2. .14 CdA (Aerodynamic drag)

3. 72 degrees F

4. 30 inches of mercury barometric pressure

5. 198.5 watts of input power

We calculate an average speed of 83 kph, or 83 km in one hour.

3. Steps 1 and 2 are repeated every hour for 24 hours which would result in a total of 12 hours of 83 kph resulting in a total distance travelled of 996 km which is only 26 km off of the current 1022 km 24 hour distance record.

Here is a table that compares the energy accumulator approach with the conventional approach using the CriticalPower HPV 24 hour distance record attempt.

HPV CdA Crr # hours power input Average watts of input power mechanical efficiency Average watts of output power Average speed (including losses due to drivetrain, batteries, electrical, etc) distance travelled in 24 hours Total energy invested by the rider in Kilojoules
CriticalPower .32 .0045 22 100 95% 95 46.6 kph 997 km 7920 Kj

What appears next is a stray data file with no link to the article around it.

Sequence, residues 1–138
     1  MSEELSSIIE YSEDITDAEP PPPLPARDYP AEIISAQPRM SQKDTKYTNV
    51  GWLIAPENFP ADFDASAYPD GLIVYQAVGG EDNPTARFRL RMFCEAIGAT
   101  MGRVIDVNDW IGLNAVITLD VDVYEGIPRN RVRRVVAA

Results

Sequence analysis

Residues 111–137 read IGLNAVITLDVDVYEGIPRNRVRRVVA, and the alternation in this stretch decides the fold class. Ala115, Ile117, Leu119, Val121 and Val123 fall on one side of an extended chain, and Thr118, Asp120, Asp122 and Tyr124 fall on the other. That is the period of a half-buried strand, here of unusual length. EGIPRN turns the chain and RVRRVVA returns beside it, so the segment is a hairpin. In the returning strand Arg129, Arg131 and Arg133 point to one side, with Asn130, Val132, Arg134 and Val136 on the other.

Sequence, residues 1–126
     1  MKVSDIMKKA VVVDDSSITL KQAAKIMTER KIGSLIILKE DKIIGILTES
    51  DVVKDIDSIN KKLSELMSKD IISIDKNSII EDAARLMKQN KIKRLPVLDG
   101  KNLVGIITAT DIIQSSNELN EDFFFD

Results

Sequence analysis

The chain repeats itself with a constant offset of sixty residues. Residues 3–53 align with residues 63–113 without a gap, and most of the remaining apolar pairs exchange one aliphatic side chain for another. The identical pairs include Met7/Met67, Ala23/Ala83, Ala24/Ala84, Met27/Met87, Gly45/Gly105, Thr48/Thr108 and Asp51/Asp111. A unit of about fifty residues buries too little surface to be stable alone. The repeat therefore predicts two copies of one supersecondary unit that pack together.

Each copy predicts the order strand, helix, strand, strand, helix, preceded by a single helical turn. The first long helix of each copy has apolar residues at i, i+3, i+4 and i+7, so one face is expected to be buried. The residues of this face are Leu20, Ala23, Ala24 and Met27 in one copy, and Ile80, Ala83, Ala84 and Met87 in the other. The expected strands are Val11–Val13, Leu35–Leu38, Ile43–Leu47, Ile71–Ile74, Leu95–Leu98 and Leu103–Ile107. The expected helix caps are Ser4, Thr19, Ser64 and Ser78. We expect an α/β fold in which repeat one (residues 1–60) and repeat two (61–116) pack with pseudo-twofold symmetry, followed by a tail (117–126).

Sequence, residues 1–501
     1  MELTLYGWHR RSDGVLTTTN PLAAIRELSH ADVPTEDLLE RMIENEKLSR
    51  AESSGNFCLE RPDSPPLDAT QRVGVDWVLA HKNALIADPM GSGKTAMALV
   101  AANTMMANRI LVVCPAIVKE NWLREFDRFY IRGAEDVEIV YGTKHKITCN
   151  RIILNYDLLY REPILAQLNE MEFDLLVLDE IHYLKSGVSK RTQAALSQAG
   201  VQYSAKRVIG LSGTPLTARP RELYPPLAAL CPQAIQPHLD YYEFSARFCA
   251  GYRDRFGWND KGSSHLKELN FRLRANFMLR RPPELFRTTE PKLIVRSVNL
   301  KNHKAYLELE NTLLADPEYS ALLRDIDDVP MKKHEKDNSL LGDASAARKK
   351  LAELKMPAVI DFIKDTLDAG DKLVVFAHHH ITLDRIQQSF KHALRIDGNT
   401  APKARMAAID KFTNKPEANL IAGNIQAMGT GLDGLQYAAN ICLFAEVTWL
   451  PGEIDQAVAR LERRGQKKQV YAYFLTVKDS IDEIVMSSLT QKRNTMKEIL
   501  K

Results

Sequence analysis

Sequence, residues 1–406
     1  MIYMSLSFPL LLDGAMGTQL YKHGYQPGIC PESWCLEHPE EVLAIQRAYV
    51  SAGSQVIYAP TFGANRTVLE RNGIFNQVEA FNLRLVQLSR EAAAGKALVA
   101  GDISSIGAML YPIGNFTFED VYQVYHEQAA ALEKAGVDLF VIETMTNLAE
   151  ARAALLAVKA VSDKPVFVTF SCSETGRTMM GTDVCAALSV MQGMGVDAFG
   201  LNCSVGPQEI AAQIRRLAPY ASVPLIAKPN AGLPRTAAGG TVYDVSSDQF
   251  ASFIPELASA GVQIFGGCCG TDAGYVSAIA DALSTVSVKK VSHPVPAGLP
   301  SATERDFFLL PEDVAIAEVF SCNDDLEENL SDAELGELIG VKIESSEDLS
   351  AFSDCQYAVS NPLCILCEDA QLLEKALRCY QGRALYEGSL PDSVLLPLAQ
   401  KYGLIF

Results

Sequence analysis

Perfect Prone energy accumulator .14 .0045 12 250 80% 200 83 kph 995 km 10,800 Kj

It appears that the energy accumulator approach is about 36% LESS efficient that a conventional direct drive streamliner as measured by the total energy expenditure in both cases in Kilojoules. HOWEVER, according to hundreds of hours of watts, time and hear rate data I have accumulated over the years on BOTH an upright road bike as well as a recumbent lowracer, the average efficiency loss due to the different biomechanical positions as measured by heart rate from a road bike position to a recumbent position is 10%. Here is a summary of the biomechanical differences between the recumbent lowracer and the road bike geometries based on SRM data from a random selection of 35 training sessions: